A young McLean was on his newspaper route when he found out about the tragic plane crash in Iowa that took the life of his beloved idol. “That was the only real job I ever had,” he says of delivering papers. “What I write in the song is exactly what happened. From there, it becomes a fantasy, a rock ‘n’ roll dream of sorts. ... That's why I don't talk about the lyrics — I want people to come up with their own interpretations."

9. He's a one-take wonder

McLean says the whole first part of the song, from “a long, long time ago” to “the day the music died,” was sung spontaneously into a tape recorder, the melody and words emerging together as one, and that he jotted down the words only afterward. “Everything I write comes to me that way,” he says. “I'm not classically trained. I'm more of an inventor. I don't even know how I do this."

10. McLean revealed some of the cultural references in ‘American Pie’ at auction

While McLean has steadfastly refused to provide a word-by-word interpretation of the song, he did offer those jotted-down notes and original manuscript for auction at Christie's in 2015, fetching $1.2 million. ("The writing and the lyrics will divulge everything there is to divulge,” BBC News reported he told Reuters before the auction.)

11. Madonna and Garth Brooks have both covered it

While “American Pie” was covered by the likes of Madonna and Garth Brooks, it also provided the framework for “Weird Al” Yankovic's 1999 Star Wars-inspired parody song “The Saga Begins” ("My, my, this here Anakin guy…"). McLean gave permission for the parody, and has admitted to nearly singing Yankovic's lyrics in live performance because his children played it so often.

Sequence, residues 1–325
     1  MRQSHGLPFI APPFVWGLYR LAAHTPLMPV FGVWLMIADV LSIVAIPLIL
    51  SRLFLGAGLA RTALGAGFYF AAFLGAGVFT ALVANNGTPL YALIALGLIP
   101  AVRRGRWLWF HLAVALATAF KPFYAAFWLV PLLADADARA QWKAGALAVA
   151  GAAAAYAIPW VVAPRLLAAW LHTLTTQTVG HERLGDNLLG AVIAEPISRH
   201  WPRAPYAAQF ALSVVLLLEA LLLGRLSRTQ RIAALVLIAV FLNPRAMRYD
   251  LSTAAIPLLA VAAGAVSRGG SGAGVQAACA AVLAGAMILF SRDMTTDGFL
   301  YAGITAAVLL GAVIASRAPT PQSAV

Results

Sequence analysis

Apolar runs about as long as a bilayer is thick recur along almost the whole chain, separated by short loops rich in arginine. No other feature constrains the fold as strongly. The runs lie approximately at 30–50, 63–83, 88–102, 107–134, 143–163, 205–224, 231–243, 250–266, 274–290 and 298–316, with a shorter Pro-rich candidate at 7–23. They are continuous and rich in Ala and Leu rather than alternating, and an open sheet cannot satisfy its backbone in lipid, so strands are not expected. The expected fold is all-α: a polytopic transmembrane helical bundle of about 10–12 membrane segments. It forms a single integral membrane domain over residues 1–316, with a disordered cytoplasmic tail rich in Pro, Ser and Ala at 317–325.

12. He trademarked stuff

A savvy businessman with a degree in finance, McLean made sure to trademark such phrases as “American Pie” — which came in handy when Universal decided to make that series of movies — “Starry, Starry Night,” “The Day the Music Died” and “Bye, Bye Miss American Pie.” He also still owns his own song catalog — administered through Universal — and even as the prices for securing publishing rights continue to mount, he refuses to part with his creations.

13. His influence reaches far and wide

McLean's work has influenced hip-hop icons like Drake — who sampled two songs ("The Wrong Thing to Do” and “When a Good Thing Goes Bad") for “Doing It Wrong.” The late Tupac Shakur was frequently quoted saying McLean's “Vincent” was an inspiration.

Don McLean performs onstage at C'Ya On The Flip Side: The Troy Gentry Foundation event at The Grand Ole Opry

Jason Kempin/Getty Images

14. Far and wide

Spotify shows McLean garnered 124 million streams for his music from 92 countries last year. His most recent album, American Boys, comes out later this year through a digital deal with Time Life and Warner Music Group.

15. ‘American Pie’ is about more than cultural references

”‘American Pie’ was the story of an outsider, and I'm still that outsider,” says McLean. “Every moment of my life was devoted to living out those dreams of making music. You can't be earthbound. Cast yourself in your own movie and one day you'll wake up as the star in that film."

Roy Trakin is a pop culture critic; biographer of Sting, Tom Hanks and Jim Carrey; Rock & Roll Hall of Fame and MTV Video Music Awards voter; and longtime contributor to Variety, Billboard, The Hollywood Reporter, The Village Voice and the L.A. Times.